All the new and interesting dry garden shrubs on the smallish side seem to be coming from Annie’s Annuals & Perennials. Gnidia polystacha from South Africa is a light-limbed shrub with needle-like leaves that readily give away its Thymelaeaceae family heritage. It’s new in my garden this year and just building size. To see more fawned-over favorites, plant-luster Loree collects them the last Friday of the month.
I love having favorite nurseries stashed all over town, available for a quick liaison if I’m in the area. One such regular stop is Lincoln Avenue Nursery in Pasadena, which was in fine form this morning. Their retail plant display chops are crisp and clear, and there’s always new plants to discover, like Tradescantia cerinthoides ‘Greenlee’ aka the Thick-Leaved Wandering Jew (a “compact perennial” 10 inches X 2 feet, full sun/bright shade, hardy 20-25 F, from San Marcos Growers). Those dark, swarthy leaves might suck in light like a foliar black hole unless paired with something bright. The nursery chose a variegated Silene uniflora.
Coincidentally, this nursery also carries Annie’s Annuals & Perennials stock, and I was able to nab some lime green and orange zinnias to grow for vases in the veg garden. And I found more Emilia javanica, seen above from July 2014. Don’t let this little annual’s delicate looks fool you. It was the longest-blooming plant bar none last year. The butterflies and I are completely smitten. There were so many volunteer seedlings this spring, I thought I’d never be without it again. But, oops, I did manage to weed them all out.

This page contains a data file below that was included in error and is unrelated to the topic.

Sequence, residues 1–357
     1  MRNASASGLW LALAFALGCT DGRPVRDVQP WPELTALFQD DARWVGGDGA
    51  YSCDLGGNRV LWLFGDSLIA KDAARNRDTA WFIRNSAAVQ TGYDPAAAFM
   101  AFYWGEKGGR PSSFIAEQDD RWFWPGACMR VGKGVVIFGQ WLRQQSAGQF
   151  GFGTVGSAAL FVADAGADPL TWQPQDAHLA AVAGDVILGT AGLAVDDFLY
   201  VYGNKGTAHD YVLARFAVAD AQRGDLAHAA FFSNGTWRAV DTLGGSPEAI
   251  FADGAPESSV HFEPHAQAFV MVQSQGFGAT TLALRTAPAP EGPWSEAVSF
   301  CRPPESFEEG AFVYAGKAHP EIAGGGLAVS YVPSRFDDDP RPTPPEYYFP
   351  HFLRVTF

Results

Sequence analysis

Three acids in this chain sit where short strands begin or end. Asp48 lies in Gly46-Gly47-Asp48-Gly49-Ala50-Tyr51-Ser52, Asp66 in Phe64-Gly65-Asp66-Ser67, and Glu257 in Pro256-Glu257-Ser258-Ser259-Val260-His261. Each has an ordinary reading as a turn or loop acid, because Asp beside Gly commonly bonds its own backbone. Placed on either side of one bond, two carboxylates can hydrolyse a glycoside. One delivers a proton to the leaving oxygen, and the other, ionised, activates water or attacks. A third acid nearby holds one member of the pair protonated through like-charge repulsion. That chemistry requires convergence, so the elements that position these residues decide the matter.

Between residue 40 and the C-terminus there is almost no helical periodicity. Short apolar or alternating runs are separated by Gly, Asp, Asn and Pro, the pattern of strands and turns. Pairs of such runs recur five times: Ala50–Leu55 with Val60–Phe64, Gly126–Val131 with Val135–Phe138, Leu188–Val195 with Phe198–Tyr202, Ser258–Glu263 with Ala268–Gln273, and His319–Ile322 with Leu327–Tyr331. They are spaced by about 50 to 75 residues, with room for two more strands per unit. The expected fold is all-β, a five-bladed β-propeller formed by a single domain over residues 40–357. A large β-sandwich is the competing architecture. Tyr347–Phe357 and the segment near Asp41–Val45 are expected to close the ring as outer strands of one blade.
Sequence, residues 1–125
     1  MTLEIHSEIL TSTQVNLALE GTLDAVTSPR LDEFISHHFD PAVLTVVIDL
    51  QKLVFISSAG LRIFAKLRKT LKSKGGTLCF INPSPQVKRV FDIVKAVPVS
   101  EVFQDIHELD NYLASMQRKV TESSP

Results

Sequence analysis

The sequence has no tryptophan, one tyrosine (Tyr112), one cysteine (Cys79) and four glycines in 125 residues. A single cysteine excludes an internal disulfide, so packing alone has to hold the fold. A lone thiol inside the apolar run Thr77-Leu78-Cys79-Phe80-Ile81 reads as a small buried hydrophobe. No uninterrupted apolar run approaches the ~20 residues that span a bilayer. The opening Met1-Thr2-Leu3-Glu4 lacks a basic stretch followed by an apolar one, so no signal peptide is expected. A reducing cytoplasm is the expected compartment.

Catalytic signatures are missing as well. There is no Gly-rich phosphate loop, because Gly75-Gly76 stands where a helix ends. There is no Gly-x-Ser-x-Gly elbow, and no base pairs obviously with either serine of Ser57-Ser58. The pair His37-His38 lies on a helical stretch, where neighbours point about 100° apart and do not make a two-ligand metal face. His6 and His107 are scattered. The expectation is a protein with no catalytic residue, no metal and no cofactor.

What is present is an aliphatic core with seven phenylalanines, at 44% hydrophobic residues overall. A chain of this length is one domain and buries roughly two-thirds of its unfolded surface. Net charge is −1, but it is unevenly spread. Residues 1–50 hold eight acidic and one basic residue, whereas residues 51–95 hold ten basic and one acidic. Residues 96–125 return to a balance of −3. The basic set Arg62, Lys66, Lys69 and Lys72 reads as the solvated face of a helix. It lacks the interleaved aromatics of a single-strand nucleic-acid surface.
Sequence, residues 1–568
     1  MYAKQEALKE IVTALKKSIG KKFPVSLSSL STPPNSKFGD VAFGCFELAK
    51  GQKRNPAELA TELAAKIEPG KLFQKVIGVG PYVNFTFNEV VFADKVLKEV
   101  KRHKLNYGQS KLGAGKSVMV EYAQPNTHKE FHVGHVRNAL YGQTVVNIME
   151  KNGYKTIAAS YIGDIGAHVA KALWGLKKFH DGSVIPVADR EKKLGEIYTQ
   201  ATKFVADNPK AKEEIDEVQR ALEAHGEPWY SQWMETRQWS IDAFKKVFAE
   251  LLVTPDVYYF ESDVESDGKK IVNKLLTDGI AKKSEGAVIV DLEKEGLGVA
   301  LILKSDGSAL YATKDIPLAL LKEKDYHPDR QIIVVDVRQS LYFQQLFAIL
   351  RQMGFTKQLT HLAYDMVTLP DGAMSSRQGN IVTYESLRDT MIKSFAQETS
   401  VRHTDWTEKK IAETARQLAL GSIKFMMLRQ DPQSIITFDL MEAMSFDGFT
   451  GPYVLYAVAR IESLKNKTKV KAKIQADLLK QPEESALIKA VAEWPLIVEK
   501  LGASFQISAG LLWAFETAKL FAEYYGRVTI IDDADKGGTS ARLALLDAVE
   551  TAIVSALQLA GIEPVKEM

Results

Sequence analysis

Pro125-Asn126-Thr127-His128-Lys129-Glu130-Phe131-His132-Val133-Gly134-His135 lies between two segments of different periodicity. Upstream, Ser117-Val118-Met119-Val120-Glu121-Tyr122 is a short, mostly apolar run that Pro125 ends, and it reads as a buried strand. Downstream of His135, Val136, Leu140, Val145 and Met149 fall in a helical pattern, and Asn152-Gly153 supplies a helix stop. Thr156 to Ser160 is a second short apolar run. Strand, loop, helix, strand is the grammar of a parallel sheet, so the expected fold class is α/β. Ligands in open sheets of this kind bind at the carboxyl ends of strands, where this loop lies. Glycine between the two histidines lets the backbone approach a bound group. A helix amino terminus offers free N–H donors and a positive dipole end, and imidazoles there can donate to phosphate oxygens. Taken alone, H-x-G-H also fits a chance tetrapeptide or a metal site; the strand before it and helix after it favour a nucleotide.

Hot color for sun/light shade from a California native, the monkey flower.
I’d grow it in a container to concentrate that molten color, but I’ve cut back on anything new but succulents for containers this year.
No name tag on this volcanic mimulus variety, but Yerba Buena Nursery has a mimulus ID page here.